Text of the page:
Having taken the Swim Safety Device out a few times now it’s become apparent that it intrigues even the most equipment eschewing open water swimmers. No matter how hardcore your stance is on adhering to channel rules you still worry about being visible in the water and having your stuff stolen off the beach while on training swims. For me the Swim Safety Device is going to be the most valuable when I’m swimming in urban settings like San Francisco’s Aquatic Park or Chicago’s Ohio Street Beach where I feel really uncomfortable leaving my personal effects on the beach. It would also be useful for a point to point swim where I want to tow my stuff with me, but it’s not something I want to use everyday I’m in the ocean. For a new ocean swimmer this could be useful as basically a set of training wheels to build your confidence as you get comfortable in the water.

For those of you that haven’t seen one of these Swim Safety Devices they’re basically an inflatable dry bag that you can tether to yourself. It does double duty as a safety device and a dry place to keep your stuff as opposed to unsecured on the beach. It increases your visibility in the water and gives you a flotation device to hang on to if you need one. I weigh upwards of 225 and could successfully support my entire weight with the buoy without causing any leaks.

So using the SSD is pretty easy… you put stuff in it, roll it up, clip it shut, inflate the air bladder and then attach it to yourself. They don’t ship it with any instructions so your best bet to figure out how to do it the right way is watch the video they put out to promote it.

I’ve tested the SSD in a few different situations with mixed results. In all cases I loaded it up with a fair amount of junk, including shoes, to see how it performed actually loaded.

My first test was in Avila Beach and well, that didn’t go so well… I broke it on the way out! The week after the tsunami from Japan we had much bigger surf than usual. I tried to swim out through the waves and they broke the buoy right off of it’s tether! It body surfed back to the beach without me. Luckily someone down there caught it for me and just the clip broke, nothing else. Later I fashioned a high tech fix to the broken clip, string… So far that’s worked pretty well :)

While the surf continued to be up I was determined to find a way to test it in a more controlled setting so I took it to the pool. I looked like a huge dork, but it was a great way to get a feel for it in ideal circumstances. My major concern with the SSD would be that it would impede my swimming by getting tangled in my feet/legs or just hit me all the time driving me nuts. Luckily it didn’t do either. The tether is short enough that the buoy rides in the wake off your butt and it floats enough that you very seldom make contact with it. Not to say I didn’t make any, but it was limited. I tried breaststroking as well and this was also no problem.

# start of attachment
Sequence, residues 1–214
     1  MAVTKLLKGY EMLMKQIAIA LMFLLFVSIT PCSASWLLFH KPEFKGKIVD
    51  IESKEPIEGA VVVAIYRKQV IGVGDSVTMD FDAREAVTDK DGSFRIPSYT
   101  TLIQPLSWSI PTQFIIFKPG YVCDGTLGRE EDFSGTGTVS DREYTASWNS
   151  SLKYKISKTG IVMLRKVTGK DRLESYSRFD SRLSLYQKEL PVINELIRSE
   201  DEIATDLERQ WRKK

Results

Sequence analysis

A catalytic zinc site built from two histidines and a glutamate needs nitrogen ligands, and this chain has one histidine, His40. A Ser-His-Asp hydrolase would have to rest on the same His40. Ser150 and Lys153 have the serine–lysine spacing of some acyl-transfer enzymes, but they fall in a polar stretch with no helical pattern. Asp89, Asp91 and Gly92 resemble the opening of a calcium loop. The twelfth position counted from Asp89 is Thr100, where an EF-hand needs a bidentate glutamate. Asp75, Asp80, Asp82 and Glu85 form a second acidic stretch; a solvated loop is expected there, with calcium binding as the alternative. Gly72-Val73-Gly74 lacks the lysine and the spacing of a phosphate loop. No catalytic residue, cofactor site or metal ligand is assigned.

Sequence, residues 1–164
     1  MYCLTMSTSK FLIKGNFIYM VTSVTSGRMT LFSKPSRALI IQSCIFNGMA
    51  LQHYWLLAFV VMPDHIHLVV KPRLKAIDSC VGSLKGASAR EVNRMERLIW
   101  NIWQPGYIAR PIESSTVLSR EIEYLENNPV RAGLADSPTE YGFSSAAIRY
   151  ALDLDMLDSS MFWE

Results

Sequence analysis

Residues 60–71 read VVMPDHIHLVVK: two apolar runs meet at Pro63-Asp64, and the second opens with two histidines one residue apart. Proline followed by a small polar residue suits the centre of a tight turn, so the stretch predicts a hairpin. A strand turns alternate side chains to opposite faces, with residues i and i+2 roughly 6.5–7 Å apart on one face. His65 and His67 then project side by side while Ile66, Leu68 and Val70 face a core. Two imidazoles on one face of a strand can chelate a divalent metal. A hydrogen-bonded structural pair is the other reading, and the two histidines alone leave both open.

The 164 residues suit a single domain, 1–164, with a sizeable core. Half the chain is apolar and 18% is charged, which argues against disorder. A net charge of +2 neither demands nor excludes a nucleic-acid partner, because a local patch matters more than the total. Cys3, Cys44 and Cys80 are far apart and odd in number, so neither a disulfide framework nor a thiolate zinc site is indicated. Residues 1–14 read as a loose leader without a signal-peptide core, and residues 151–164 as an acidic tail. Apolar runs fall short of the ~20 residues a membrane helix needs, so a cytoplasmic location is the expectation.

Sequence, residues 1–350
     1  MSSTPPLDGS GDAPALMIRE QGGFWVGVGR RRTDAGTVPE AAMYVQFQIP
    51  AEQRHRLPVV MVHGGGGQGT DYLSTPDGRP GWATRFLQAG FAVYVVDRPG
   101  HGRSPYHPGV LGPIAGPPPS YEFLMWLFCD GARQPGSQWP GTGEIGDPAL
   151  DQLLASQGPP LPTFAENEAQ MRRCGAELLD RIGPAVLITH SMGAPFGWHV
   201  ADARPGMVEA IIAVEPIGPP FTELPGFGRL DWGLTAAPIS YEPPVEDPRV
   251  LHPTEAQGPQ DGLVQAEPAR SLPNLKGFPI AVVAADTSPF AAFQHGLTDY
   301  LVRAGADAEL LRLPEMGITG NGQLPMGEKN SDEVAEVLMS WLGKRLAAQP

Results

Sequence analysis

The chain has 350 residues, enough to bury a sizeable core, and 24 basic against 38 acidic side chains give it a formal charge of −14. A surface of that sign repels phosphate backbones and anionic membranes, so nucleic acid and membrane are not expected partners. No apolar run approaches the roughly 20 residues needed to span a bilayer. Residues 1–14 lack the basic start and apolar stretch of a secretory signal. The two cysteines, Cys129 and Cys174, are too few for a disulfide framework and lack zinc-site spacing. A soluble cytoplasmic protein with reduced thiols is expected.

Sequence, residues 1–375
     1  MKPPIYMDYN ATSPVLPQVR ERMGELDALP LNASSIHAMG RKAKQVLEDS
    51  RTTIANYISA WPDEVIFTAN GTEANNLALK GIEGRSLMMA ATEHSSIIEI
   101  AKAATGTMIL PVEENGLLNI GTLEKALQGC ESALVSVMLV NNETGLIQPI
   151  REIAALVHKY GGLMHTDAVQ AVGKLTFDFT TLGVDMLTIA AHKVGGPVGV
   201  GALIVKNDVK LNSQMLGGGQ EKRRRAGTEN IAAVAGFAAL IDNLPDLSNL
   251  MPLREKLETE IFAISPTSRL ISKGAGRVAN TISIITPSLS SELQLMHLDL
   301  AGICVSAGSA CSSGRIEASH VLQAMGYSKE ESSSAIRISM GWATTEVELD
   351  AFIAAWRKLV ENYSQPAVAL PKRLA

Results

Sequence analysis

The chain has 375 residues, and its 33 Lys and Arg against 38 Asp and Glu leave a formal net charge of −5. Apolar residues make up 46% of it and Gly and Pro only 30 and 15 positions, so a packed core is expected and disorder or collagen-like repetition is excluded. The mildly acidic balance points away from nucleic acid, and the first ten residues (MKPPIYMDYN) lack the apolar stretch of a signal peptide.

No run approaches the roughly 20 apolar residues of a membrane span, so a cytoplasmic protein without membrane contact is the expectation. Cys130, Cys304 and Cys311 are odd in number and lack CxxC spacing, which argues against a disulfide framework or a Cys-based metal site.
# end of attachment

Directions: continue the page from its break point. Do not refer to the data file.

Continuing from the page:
Now that I knew it worked in a highly controlled environment I really wanted to see how it would do again in actual open water. Last week I went to San Francisco  and brought it along for a swim in Aquatic Park. Aquatic Park has no surf to speak of but it does get wind and chop and currents. I swam with a group of friends and they all made a little fun of me but then also got a little interested… funny how that works right :) On this swim we swam in a square and I experienced water moving in pretty much every possible direction in relation to me and the buoy which gave me a really good feel for how the SSD would react in a good deal of situations. In wind and chop the buoy will tug at you and get blown around behind you. If the wind/water is moving across you it’s going the drift out from behind you and move to the side. It still didn’t hit my legs much, but I did hit it with my hands occasionally. At the end of this swim I was mildly irritated with the SSD. But it totally served its purpose… it kept my stuff dry at an urban beach where leaving your stuff on the sand is hugely ill advised.

I still haven’t been able to test it in really gnarly swells and chop, but I’m not sure I would want it there. Having broken it once I’d be worried my stuff would end up sailing away in really rough seas.

So to wrap things up, let’s break down my pros and cons real quick…

Pros

  • Floats a large man (me) with no problem
  • Doesn’t leak (so far)
  • Makes swimmers way more visible to lifeguards and watercraft
  • Great way to keep your stuff safe while swimming

Cons

  • Not good at getting through surf
  • Cheap connective hardware
  • Sort of irritating in choppy/windy conditions
  • Chafing potential with the waist belt
  • Mine doesn’t want to fully deflate which is kinda irritating